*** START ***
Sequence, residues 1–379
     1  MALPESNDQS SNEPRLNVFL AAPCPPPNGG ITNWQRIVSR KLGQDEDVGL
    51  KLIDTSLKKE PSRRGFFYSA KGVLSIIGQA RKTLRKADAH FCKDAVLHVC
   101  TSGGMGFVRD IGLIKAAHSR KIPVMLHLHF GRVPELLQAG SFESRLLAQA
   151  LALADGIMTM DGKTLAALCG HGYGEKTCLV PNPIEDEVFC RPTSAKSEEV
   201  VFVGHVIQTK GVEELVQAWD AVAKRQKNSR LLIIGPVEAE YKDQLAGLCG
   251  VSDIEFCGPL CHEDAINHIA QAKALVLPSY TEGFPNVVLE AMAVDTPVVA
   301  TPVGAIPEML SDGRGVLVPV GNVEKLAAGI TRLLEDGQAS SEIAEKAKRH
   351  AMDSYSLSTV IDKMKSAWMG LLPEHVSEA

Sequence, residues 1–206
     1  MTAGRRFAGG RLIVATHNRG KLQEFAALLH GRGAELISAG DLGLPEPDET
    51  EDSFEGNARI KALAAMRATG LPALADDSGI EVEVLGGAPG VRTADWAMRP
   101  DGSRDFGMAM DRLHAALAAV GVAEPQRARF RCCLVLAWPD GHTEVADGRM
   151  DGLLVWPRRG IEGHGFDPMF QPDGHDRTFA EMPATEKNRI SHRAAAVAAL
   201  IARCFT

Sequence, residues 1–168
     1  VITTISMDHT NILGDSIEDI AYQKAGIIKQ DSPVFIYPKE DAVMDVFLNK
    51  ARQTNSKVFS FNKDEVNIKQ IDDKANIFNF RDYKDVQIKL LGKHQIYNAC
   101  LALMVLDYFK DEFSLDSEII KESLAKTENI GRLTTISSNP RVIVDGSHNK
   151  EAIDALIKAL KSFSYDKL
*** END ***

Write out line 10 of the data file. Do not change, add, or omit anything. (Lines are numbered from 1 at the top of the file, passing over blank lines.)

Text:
Sequence, residues 1–206